More than half of Australian and New Zealand IT professionals have experienced a cyber attack in the last year that brought IT services to a halt for an average of 38 hours, according to a report.
Security firm Symantec's disaster recovery report placed average global outage times for cyber attacks at about 50 hours.
An October report by the company revealed that so-called politically-motivated attacks were on the rise, with the average attack costing $850,000 over five years.
The latest report found that up to 40 per cent of disaster recovery attempts fail due to inadequate infrastructure and short budgets.
In those attempts, both recovery point objectives and recovery time objectives were not met.
Almost every Australian ad New Zealand respondent to the report cited fires as the chief cause of outage. Power failures also ranked highly.
System upgrades were a pain for local professionals, with 93 per cent claiming it had caused an outage lasting more than a day, a figure that is about half of the global total of more than 50 hours.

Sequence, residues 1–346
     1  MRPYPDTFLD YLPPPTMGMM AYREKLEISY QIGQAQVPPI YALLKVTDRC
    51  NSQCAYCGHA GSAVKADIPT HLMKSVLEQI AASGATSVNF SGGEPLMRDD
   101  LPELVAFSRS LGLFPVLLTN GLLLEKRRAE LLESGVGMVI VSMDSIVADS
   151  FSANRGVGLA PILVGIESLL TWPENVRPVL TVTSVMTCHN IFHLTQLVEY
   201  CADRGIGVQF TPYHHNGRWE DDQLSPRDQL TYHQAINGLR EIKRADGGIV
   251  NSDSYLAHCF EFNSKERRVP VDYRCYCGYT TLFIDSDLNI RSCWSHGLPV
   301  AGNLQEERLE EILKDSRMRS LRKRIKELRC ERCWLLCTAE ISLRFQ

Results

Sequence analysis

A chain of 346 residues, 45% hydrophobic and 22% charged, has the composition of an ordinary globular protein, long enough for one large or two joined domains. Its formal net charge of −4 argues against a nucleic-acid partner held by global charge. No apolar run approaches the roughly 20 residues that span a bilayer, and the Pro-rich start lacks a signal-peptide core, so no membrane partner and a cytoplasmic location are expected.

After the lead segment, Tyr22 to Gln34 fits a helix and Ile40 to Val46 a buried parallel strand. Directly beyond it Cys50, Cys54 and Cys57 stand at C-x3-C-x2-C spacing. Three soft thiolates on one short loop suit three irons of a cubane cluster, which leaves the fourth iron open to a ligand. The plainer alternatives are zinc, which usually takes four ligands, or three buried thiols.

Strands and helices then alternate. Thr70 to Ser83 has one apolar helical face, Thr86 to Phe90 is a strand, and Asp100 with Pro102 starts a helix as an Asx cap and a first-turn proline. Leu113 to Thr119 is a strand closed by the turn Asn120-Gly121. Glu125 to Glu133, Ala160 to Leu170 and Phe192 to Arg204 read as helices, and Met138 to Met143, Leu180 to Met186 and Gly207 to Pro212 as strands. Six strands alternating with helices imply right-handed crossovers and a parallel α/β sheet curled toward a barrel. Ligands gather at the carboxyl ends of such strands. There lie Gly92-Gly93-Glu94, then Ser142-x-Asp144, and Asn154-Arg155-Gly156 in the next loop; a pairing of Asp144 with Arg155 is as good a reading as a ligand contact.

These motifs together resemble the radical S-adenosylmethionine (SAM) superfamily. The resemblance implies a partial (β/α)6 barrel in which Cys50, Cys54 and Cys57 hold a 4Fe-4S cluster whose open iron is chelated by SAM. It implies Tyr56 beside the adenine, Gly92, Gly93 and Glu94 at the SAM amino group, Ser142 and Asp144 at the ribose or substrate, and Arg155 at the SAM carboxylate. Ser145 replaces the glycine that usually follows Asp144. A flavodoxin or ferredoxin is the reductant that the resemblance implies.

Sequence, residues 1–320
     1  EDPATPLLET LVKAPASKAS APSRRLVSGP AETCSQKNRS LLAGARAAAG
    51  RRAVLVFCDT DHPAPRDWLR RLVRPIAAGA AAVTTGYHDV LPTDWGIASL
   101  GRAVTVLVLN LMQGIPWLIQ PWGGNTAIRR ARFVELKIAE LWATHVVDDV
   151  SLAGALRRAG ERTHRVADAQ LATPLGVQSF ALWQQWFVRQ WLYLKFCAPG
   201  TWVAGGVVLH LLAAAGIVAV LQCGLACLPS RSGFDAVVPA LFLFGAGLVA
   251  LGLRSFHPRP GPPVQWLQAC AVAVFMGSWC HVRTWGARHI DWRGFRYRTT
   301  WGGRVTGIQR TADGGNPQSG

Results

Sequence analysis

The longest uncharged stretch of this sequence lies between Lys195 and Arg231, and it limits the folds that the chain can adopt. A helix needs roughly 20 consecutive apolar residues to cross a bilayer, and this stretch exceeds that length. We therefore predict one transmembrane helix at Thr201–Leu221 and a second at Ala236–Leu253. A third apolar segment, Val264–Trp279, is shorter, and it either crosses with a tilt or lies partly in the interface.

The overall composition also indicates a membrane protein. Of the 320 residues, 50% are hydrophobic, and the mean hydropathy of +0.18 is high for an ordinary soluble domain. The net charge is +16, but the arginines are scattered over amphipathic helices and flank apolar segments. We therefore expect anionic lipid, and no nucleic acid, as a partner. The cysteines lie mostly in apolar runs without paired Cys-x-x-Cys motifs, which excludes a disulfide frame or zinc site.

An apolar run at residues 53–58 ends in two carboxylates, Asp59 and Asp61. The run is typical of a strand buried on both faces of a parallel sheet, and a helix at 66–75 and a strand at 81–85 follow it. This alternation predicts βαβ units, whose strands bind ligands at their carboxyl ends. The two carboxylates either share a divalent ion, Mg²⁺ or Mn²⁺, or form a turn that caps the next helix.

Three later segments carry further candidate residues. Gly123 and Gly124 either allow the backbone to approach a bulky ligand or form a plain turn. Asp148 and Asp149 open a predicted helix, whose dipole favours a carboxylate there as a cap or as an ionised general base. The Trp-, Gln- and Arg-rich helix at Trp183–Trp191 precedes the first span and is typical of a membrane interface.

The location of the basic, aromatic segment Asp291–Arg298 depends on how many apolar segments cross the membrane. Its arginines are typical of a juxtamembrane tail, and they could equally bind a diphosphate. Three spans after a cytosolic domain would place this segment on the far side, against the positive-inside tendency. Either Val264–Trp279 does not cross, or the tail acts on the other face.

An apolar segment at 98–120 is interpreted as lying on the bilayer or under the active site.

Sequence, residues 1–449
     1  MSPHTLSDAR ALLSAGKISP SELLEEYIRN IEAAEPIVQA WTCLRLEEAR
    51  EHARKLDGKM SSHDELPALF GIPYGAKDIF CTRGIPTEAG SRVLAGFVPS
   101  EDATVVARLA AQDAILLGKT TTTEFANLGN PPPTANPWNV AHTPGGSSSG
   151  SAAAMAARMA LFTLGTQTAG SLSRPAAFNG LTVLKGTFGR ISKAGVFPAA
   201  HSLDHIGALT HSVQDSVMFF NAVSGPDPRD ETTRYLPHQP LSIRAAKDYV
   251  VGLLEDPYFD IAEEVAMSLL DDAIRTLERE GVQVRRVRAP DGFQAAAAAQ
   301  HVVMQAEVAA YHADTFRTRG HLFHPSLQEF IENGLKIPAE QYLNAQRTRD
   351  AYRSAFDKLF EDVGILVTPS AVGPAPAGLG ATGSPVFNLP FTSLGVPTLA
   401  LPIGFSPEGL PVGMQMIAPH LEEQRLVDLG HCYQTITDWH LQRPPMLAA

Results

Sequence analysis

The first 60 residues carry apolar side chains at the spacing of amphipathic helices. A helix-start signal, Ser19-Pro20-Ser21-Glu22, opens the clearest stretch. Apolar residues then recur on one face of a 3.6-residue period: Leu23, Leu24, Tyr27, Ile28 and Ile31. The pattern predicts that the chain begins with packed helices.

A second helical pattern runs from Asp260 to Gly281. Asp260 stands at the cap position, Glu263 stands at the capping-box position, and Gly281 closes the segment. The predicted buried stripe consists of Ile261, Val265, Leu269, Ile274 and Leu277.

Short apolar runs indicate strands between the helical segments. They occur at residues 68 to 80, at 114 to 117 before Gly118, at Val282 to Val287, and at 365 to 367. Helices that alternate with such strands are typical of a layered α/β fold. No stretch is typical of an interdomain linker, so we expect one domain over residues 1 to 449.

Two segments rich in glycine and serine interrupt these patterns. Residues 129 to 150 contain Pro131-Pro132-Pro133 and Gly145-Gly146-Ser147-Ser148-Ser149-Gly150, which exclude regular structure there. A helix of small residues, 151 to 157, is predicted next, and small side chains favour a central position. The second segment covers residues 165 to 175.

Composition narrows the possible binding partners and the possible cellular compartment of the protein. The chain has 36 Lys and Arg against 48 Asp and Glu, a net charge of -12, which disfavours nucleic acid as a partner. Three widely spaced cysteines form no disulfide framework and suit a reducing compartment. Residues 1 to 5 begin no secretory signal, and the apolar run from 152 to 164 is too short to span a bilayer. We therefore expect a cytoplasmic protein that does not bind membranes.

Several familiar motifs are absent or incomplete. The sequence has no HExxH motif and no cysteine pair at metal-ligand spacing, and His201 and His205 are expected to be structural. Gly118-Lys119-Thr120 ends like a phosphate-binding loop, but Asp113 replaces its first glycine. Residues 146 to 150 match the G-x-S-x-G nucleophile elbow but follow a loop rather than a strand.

Australian respondents reported almost half of their virtualised systems are not covered by disaster recovery plans, slightly ahead of the 60 percent global average. About a third of environments are virtualised and half of mission-critical applications reside in cloud environments.
Symantec claimed that 84 per cent of respondents sought to re-evaluate their disaster recovery plan after introducing virtualisation, and that only about 18 per cent performed multiple data backups each week.
Almost all local respondents said a lack of primary and backup storage hampers the ability to protect mission-critical data, while about half of global respondents thought the same.
Less Australians used clientless methods to reduce the impact of virtual machine backups than overseas.
They cited the biggest disaster recovery challenge in cloud computing as the ability to control failovers and make resources highly available.
Symantec systems engineer director Paul Lancaster said: "Businesses have not yet mastered the art of managing data across [virtual] environments, leaving mission-critical applications and data unprotected".
The company recommends businesses:
Use integrated tool sets Simplify data protection processes Plan and automate to minimise downtime And don't cut corners: Organisations should implement basic technologies and processes that protect in case of an outage, and not take shortcuts that could have disastrous consequences.
- Treat all environments the same
The report was the sixth annual data recovery survey by the company. It polled some 1700 enterprises across the globe with at least 5000 staff.